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A search-and-rescue mission for landslide victims in a remote village in northeastern Afghanistan has been called off. Officials fear there's no hope for reaching the nearly 2,000 people who were buried Friday by mud and rock.

In Washington, the active search for victims of another mudslide was called off last week after more than a month of searching. Two bodies still haven't been found.

And as the search for Malaysia Airlines Flight 370 goes into a third month, families and friends of passengers are yearning for a sense of closure.

Rescue workers often yearn for it as well. But as much as everyone wants closure, sometimes officials have to make the gut-wrenching call that it's time to give up.

Shaun Roundy is a member of the Utah County Sheriff Search and Rescue Team. He has been on search missions that were stopped before everyone was found.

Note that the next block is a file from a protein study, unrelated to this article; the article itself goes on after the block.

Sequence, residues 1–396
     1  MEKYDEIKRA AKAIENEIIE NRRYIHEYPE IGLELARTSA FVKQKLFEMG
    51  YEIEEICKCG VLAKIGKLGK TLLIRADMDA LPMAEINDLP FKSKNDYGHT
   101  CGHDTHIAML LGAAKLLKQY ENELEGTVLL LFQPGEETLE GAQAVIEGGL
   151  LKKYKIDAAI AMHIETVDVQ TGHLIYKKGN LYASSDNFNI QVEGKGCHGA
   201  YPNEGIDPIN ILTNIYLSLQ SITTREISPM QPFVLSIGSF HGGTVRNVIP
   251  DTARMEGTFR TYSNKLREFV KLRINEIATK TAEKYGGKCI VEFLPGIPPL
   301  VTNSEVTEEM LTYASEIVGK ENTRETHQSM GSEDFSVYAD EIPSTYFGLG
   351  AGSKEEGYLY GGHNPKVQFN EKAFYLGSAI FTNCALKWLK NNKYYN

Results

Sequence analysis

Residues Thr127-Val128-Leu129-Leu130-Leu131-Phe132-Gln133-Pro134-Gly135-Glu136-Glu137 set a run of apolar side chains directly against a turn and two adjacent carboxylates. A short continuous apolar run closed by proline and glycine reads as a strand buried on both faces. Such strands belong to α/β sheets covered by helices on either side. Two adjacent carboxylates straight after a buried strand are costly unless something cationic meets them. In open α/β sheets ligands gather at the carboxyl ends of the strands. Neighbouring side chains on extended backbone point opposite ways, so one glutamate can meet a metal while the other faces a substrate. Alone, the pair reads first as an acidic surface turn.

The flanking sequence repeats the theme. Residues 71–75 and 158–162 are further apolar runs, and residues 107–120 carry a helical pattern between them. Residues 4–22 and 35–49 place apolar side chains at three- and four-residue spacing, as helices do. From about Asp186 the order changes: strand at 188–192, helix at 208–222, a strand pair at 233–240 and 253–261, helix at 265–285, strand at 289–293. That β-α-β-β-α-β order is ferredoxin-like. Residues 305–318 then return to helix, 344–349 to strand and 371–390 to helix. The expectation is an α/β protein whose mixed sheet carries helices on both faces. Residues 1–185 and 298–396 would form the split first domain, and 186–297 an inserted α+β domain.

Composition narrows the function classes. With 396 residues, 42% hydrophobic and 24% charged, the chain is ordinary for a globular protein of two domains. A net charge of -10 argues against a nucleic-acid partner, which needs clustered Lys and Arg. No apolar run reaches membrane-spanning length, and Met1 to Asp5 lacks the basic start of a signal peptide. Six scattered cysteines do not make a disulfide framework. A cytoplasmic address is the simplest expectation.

"When that happens, then every time you're in that vicinity, you just wonder, where is that person and when will we find them?" Roundy says.

His team is called out to comb snowy mountains for hikers after avalanches, to find lost or injured people in Utah's caves, rivers and lakes. Sometimes — because of weather, manpower or resources — they just can't keep looking.



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